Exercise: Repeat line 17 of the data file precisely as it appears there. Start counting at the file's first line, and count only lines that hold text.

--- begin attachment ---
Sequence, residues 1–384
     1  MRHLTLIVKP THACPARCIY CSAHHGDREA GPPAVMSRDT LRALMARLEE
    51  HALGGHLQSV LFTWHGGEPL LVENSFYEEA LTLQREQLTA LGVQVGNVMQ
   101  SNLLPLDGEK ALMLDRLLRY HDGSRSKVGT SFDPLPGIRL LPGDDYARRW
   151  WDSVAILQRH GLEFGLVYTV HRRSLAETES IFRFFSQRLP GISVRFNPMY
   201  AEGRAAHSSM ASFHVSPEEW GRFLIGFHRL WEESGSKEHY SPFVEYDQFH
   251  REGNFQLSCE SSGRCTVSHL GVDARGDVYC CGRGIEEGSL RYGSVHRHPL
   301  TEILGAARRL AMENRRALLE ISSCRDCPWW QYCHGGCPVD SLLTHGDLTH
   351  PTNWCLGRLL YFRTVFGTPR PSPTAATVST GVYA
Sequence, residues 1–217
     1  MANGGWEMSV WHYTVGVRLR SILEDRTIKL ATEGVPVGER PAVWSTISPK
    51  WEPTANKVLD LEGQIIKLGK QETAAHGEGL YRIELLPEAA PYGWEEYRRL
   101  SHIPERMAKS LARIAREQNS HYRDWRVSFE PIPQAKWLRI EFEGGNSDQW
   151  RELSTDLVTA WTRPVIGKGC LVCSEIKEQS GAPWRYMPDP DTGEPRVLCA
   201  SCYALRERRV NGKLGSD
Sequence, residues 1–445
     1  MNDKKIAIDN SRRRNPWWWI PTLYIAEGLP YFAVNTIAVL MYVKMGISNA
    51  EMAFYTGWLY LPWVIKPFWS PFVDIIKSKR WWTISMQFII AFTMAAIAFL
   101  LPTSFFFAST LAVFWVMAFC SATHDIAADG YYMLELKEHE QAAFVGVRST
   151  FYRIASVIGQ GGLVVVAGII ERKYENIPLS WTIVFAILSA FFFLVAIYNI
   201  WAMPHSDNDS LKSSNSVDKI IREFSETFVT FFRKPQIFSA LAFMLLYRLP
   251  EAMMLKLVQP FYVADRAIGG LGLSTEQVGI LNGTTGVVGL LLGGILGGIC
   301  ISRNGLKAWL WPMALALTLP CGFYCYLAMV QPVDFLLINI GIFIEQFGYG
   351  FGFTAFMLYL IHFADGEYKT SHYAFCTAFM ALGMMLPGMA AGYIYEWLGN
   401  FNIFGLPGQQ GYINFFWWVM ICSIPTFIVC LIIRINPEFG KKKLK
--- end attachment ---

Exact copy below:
     1  MNDKKIAIDN SRRRNPWWWI PTLYIAEGLP YFAVNTIAVL MYVKMGISNA